Lollipops are mostly sugar and thus not very good for you. Some are worse than others, however - avoid artificial flavors.
Lollipops are mostly sugar. Sugar isn't much good for you. It feeds bacteria which rot your teeth. It spikes your blood sugar, which over time can increase your risk of metabolic disorder, diabetes, high blood pressure, and heart disease. Some sugars are broken down in the liver, where they're stored as fat - some of which contributes to the clogging of your arteries.
Lollipops are worse than some sugary snacks, however, because of how they're eaten. You hold lollipops in your mouth while you suck on them; unlike sugary candies which are chewed and swallowed, they're slowly dissolved by the force of your saliva. The bacteria in your mouth that feed on sugars are thus stimulated for much longer by a lollipop than they would be by a piece of cake - they feed continuously while you're sucking, for ten or twenty minutes, and then continue to feed on leftover sugars for about twenty minutes afterward. All the while, these bacteria excrete acids, lowering the pH of your mouth and wearing away at the enamel of your teeth. Eat enough lollipops, and you'll significantly increase your risk of cavities, gum disease, and other oral health problems.
Sour lollipops do damage faster than those that are sweet. That's because they're more acidic. Get low enough on the pH scale - some warheads lollipops, for example, reach down to a pH of about two - and you've reached a level of acidity that's on par with battery acid. That doesn't mean that all of your teeth are going to fall out at once if you suck on a warhead lollipop. What it does mean, however, is that the damage that's done to your teeth and gums is multiplied and that you should be even more sparing with sour candies than you are with the sweeter stuff.
What about the so-called lollipop diet - built around sucking on low-calorie lollipops with alleged appetite suppressants like hoodia? There's good evidence that low-level ingestion of sugar throughout the day will indeed trick your body into feeling fuller than it actually is. There's not nearly as much evidence, however, that chemicals like hoodia do much chemically to suppress your appetite. If you're looking to diet, there are better ways to improve your eating habits than sucking on lollipops.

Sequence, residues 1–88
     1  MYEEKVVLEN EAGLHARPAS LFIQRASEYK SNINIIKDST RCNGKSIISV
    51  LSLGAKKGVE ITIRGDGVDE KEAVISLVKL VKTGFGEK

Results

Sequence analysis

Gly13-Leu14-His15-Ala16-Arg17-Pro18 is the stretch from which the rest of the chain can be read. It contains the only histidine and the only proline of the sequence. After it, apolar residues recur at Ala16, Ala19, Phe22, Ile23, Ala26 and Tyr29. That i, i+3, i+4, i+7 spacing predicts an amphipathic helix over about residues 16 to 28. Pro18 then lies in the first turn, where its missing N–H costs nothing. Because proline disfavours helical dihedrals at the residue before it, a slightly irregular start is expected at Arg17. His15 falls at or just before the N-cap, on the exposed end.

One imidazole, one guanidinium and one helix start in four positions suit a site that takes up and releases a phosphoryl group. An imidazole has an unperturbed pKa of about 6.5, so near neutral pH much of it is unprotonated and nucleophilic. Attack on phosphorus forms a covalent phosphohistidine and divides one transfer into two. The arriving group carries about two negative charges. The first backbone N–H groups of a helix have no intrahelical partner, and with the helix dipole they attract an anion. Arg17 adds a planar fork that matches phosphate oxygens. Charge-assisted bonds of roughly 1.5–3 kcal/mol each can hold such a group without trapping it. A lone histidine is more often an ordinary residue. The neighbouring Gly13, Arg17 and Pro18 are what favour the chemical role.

Finally, some lollipops are colored with controversial artificial coloring agents. They're approved for use by the FDA and the European Food Safety Commission, for now. There's a good body of evidence that they may be linked to a host of health problems - including hyperactivity, developmental disorders, problems with the thyroid, and various cancers. You can read about the risks here. Until you have, however, it might be a good idea to avoid lollipops which are colored with them.
Possible short-term side effects
- gastric irritation
- spike in blood sugar
- allergic reaction
Possible long-term side effects
- metabolic disorder
- heart disease
- weight gain
- gum disease
Ingredients to be aware of
- short-term boost of energy
- power pops may help with weight loss
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View Sources | Written by Sean McNulty | 12-28-2015
Written by Sean McNulty
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